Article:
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Acts 19:9

9 But some of them became obstinate; they refused to believe and publicly maligned the Way. So Paul left them. He took the disciples with him and had discussions daily in the lecture hall of Tyrannus.

Acts 19:9 in Other Translations

9 But when divers were hardened, and believed not, but spake evil of that way before the multitude, he departed from them, and separated the disciples, disputing daily in the school of one Tyrannus.
9 But when some became stubborn and continued in unbelief, speaking evil of the Way before the congregation, he withdrew from them and took the disciples with him, reasoning daily in the hall of Tyrannus.
9 But some became stubborn, rejecting his message and publicly speaking against the Way. So Paul left the synagogue and took the believers with him. Then he held daily discussions at the lecture hall of Tyrannus.
9 But then resistance began to form as some of them began spreading evil rumors through the congregation about the Christian way of life. So Paul left, taking the disciples with him, and set up shop in the school of Tyrannus, holding class there daily.
9 But when some became hardened and would not believe, slandering the Way in front of the crowd, he withdrew from them and met separately with the disciples, conducting discussions every day in the lecture hall of Tyrannus.

Acts 19:9 Meaning and Commentary

Acts 19:9

But when divers were hardened and believed not
For though some were affected with and convinced by the arguments the apostle used, others were but the more hardened and remained incredulous: for the Gospel, while it is the savour of life unto life to some, it is the savour of death unto death, to others; as the sun melts the wax, and hardens the clay:

but spake evil of the way before the multitude;
the Syriac version and Beza's ancient copy read, "before the multitude of the Gentiles": the unbelieving Jews not only contradicted the Gospel preached by the apostle, but blasphemed it, and said all the evil things of it they could, and loaded it with reproaches, and charged it with all the bad consequences they could think of; and that publicly, before all the people, in order to prejudice them against it; for by "the way", is meant the doctrine of the Gospel, which the Vulgate Latin here reads, "the way of the Lord"; and so some copies; and two of Stephens's copies read, "the way of God", as does also the Syriac version; and the Arabic version, "the way of faith"; and the Ethiopic version, "the doctrine"; the doctrine, which shows the way of God's salvation by Jesus Christ:

he departed from them;
the hardened, unbelieving, and blaspheming Jews, as being unworthy of the means of grace; he went out of their synagogue, and no more entered there: and separated the disciples; from them, the twelve disciples he had laid his hands on, and others who in this space of time, the space of three months, had been converted under his ministry; these he formed into a separate Gospel church state, as well as engaged them to quit the company and conversation of these blasphemers, and no more attend with them in their synagogue, that so they might not be infected and corrupted by them; a separation from such who contradict and blaspheme the truths and ordinances of the Gospel, is justifiable:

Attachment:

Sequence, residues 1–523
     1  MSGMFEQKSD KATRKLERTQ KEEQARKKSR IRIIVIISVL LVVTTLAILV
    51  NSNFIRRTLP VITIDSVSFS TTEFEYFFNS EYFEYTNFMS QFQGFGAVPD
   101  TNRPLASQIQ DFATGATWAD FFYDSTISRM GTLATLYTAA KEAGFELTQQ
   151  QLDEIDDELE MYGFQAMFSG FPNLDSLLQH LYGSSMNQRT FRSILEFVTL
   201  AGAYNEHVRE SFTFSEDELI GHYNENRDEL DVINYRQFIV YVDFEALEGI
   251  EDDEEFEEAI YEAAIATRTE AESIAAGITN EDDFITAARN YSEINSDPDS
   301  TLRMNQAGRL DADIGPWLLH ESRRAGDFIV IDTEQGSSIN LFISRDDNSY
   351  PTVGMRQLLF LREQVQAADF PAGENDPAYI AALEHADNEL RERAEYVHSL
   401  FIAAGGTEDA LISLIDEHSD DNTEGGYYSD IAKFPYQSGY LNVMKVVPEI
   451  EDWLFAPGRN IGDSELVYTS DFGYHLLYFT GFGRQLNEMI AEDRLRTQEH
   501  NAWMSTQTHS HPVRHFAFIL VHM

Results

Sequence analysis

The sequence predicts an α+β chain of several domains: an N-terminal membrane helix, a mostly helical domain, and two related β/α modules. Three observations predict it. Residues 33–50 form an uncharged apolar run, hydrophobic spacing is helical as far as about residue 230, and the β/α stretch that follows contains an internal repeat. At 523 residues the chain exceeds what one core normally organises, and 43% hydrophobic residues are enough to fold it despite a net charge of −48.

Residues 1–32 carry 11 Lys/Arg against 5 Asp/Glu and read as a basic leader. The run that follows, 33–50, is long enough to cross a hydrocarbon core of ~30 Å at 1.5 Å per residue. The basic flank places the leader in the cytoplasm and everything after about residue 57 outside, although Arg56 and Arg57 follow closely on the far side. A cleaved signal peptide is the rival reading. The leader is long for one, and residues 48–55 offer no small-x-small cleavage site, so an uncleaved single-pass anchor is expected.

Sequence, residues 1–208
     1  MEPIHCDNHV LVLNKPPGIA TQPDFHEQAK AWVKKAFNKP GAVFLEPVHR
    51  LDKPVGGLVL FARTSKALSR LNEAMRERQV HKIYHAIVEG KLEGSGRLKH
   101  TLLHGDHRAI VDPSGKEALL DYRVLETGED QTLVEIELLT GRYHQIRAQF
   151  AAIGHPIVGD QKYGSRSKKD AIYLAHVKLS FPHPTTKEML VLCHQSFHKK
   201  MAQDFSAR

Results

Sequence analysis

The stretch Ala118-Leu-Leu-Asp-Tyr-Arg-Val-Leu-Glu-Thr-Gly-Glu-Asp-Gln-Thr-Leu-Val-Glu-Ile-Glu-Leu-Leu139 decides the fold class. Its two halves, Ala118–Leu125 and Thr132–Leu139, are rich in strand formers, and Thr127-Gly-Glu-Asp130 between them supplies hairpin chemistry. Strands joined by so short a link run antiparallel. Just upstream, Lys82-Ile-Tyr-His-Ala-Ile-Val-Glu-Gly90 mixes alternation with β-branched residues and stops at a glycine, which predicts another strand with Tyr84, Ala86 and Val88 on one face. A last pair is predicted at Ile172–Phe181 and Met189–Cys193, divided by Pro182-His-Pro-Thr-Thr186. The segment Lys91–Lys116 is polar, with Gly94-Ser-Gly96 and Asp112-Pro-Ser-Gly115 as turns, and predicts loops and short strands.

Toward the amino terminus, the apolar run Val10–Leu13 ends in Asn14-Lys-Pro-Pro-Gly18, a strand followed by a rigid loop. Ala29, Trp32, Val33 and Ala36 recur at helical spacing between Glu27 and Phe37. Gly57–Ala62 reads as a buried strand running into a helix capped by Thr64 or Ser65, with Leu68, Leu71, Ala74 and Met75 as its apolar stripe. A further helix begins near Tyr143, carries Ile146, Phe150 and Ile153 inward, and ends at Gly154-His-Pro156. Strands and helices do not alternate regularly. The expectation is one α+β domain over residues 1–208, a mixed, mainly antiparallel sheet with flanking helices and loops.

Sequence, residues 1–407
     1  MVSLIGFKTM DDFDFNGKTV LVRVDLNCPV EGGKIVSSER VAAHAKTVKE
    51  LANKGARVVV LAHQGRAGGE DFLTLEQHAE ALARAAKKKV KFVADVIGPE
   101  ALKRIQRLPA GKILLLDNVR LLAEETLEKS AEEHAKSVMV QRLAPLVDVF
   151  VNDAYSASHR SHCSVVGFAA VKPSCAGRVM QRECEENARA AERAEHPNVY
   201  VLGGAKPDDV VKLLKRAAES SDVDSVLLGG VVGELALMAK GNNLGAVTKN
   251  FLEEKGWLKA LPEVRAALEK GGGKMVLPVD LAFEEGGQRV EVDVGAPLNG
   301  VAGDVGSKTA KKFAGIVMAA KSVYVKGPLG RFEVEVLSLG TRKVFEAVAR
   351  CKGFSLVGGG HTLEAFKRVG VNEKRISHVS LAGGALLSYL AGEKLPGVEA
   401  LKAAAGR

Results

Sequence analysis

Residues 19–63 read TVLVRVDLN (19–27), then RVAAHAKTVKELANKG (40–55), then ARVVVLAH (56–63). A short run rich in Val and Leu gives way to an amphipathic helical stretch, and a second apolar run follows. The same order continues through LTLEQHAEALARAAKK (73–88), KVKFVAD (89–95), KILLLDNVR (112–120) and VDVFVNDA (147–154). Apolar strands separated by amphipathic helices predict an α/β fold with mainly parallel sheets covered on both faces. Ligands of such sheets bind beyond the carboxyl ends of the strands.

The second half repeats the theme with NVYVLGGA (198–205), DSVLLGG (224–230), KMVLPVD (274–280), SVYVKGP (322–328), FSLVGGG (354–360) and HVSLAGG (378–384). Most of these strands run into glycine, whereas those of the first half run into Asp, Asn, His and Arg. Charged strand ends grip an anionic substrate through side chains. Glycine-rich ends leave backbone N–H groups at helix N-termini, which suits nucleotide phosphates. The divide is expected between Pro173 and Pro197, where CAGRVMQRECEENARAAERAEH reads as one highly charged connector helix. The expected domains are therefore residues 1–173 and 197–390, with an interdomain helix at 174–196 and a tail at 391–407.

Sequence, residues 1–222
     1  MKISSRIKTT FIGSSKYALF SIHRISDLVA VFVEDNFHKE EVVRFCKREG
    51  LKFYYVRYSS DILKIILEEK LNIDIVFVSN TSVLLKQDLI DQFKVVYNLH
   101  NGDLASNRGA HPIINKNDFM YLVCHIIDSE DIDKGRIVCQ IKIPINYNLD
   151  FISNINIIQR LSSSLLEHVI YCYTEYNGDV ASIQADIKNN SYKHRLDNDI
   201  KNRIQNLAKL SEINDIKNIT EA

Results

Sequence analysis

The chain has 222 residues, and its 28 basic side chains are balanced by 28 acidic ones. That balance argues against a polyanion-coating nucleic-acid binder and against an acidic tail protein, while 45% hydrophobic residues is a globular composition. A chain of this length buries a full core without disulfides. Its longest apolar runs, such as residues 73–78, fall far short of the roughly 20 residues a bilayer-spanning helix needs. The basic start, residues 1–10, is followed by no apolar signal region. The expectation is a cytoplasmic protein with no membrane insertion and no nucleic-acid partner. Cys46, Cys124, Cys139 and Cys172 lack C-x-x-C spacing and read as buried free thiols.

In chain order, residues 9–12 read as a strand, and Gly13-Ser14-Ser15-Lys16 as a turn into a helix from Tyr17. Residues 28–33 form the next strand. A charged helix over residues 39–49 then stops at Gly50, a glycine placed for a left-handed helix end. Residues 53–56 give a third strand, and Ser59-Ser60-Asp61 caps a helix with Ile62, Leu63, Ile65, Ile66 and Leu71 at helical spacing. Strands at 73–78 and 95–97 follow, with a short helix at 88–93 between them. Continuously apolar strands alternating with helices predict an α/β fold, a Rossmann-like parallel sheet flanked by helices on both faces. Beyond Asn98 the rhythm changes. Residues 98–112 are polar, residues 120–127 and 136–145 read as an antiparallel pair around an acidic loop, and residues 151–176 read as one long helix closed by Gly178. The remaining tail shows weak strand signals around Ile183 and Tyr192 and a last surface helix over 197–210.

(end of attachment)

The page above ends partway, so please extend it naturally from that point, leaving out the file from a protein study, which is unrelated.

disputing daily in the school of one Tyrannus:
which was either built by him, and so went by his name, or which one of this name possessed, and made use of; for it seems to be the proper name of a man, and so the Syriac version renders it, "whose name was Tyrannus"; though by others it is taken to be an appellative, and to design some great person, who patronised the apostle, and in whose house he taught; the word "tyrant", being formerly used for a king, a prince, or nobleman; and so the Arabic version renders it, "in the dwelling house of one of the great men"; the chief of Asia, that were his friends, ( Acts 19:31 ) and so the Ethiopic version, "and he taught daily before the court and the governors": some copies read "Tyrannius"; mention is made of a philosopher whose name was "Tyrannion", who was so called, because he vexed and disturbed those that were brought up in the same school with him F6; this man it seems was a schoolmaster; there was one of his name a bishop of Tyre, a martyr under Dioclesian; and another whose name was Tyrannus, bishop of Antioch F7; Beza's ancient copy, and one of Stephens's, add, "from the fifth hour to the tenth"; as if he spent five hours in public teaching every day, and rest in his trade and devotion.


F6 Hesychius de Philosophis, p. 64.
F7 Euseb. Eccl. Hist. l. 7. c. 32. & l. 8. c. 13.

Acts 19:9 In-Context

7 There were about twelve men in all.
8 Paul entered the synagogue and spoke boldly there for three months, arguing persuasively about the kingdom of God.
9 But some of them became obstinate; they refused to believe and publicly maligned the Way. So Paul left them. He took the disciples with him and had discussions daily in the lecture hall of Tyrannus.
10 This went on for two years, so that all the Jews and Greeks who lived in the province of Asia heard the word of the Lord.
11 God did extraordinary miracles through Paul,

Cross References 3

  • 1. Acts 14:4
  • 2. ver 23; S Acts 9:2
  • 3. ver 30; S Acts 11:26
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